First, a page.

Posted on December 12, 2017
‘Tis the season for darker, colder, and wetter weather. For many of us, this means we move our exercise indoors for soccer, basketball, volleyball, and many other sports. For others, we embrace the cold and ski or snowboard. While these activities may seem quite different, they are similar in that they all require quick side-to-side movements.
At Corvallis and Albany Sport and Spine Physical Therapy, we see many patients who lack muscle control while performing these side-to-side movements, causing excess strain on the knee and resulting pain. The primary cause of pain results from allowing your knees to collapse inward toward each other into a “knock knee” position when landing or transitioning from one movement to the other. There are many factors that can contribute to this, “knock knee landing problem”; the primary problem is lack of strength and ability to control movement. This is usually due to weakness or imbalance of the thigh, hip, and core muscles. These muscles include the quadriceps, hamstring, hip, and core stabilizing muscles.
How to recognize this movement problem:
Observe any movement requiring your knees to bend. For example, getting in and out of a chair. Do your knees stay in line with your feet, or do they fall inside your feet toward each other? If you have a hard time with this, then you can definitely improve your strength and control. In my experience, usually a single leg squat is difficult and you can still benefit from improving your strength and knee control, to improve performance and decrease your risk for injury. Check out this video to see what I’m talking about:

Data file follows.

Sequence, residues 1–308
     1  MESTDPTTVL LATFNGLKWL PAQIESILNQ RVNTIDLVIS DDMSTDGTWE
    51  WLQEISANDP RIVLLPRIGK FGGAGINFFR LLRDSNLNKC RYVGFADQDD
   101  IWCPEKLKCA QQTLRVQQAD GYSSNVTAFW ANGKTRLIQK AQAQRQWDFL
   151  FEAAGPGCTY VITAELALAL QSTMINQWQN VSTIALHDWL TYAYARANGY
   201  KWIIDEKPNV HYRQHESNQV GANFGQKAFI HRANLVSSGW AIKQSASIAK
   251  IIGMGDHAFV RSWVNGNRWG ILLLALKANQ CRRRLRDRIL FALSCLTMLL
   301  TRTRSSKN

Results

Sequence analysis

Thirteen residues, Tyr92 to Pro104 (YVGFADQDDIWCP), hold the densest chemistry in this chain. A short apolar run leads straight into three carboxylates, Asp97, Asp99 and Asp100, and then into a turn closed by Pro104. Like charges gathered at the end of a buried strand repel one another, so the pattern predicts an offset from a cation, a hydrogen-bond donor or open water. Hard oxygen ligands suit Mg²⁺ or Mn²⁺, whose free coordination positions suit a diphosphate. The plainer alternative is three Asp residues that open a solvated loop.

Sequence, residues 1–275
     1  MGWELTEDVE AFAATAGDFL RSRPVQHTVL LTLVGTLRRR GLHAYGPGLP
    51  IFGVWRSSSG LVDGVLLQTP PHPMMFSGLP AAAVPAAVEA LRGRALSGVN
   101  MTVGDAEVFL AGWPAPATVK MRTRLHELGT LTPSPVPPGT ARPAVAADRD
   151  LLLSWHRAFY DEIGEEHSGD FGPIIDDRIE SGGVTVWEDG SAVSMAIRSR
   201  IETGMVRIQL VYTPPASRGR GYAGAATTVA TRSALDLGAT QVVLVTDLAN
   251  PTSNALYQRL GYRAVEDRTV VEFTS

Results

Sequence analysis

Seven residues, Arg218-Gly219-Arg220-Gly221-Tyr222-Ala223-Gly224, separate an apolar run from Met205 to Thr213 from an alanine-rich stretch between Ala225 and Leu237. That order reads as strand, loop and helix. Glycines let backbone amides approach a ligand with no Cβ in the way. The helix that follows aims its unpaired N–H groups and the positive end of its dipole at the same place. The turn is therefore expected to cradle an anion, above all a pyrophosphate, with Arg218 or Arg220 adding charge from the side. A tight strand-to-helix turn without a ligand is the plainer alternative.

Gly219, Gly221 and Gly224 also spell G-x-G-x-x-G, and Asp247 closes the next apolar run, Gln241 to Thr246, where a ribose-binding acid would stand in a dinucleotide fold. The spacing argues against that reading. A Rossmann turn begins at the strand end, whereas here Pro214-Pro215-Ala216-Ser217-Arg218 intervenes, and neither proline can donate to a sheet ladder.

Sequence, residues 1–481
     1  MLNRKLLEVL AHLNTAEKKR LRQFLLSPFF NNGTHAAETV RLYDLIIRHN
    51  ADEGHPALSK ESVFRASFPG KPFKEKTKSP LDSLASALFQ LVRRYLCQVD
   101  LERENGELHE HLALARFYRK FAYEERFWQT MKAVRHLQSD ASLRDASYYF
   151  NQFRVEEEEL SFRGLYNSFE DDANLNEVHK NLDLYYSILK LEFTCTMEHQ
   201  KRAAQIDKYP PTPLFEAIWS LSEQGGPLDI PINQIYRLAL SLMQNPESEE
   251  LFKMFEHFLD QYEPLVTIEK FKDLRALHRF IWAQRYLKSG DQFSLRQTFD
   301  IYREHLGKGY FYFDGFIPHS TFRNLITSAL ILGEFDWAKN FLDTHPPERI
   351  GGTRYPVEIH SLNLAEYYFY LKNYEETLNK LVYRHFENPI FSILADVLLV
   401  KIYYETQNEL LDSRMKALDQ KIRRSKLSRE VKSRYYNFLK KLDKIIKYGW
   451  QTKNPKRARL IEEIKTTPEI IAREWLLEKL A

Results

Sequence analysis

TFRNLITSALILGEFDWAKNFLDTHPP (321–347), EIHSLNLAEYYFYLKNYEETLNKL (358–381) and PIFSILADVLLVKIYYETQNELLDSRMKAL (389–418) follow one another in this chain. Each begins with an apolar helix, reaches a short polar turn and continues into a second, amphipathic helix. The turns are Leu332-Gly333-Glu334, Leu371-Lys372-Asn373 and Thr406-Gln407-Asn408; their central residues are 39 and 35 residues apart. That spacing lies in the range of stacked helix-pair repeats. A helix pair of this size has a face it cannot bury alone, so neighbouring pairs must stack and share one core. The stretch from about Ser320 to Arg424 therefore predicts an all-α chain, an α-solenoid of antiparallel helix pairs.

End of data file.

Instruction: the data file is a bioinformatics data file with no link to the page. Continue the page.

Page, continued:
What to do about it:
As mentioned in the video, your knee muscles don’t have the best ability to control that side to side movement, so we have to go up and strengthen the hip to control it, specifically your gluteus medius muscle. Here’s our three favorite exercises to get going on that glut med muscle:
Finally, knee control isn’t all about the hip. It’s also important to have super strong quad and calf muscles; there are also some foot and ankle motions that can contribute as well. Focusing on the hip will at least get you headed in the right direction, but applying some of these more functional quad based exercises will teach you how to apply that strength and work on your quad strength as well:
Finally, being able to apply this control with jumping movements straight forward and back and then with directions is the final step to do your best to improve your performance and reduce risk for injury with these sports:
We hope you find these tips and exercises helpful to control your knee better and thus move better with less pain!
Dr. Dane Happeny, PT, DPT, OCS
Doctor of Physical Therapy
Board Certified Orthopedic Specialist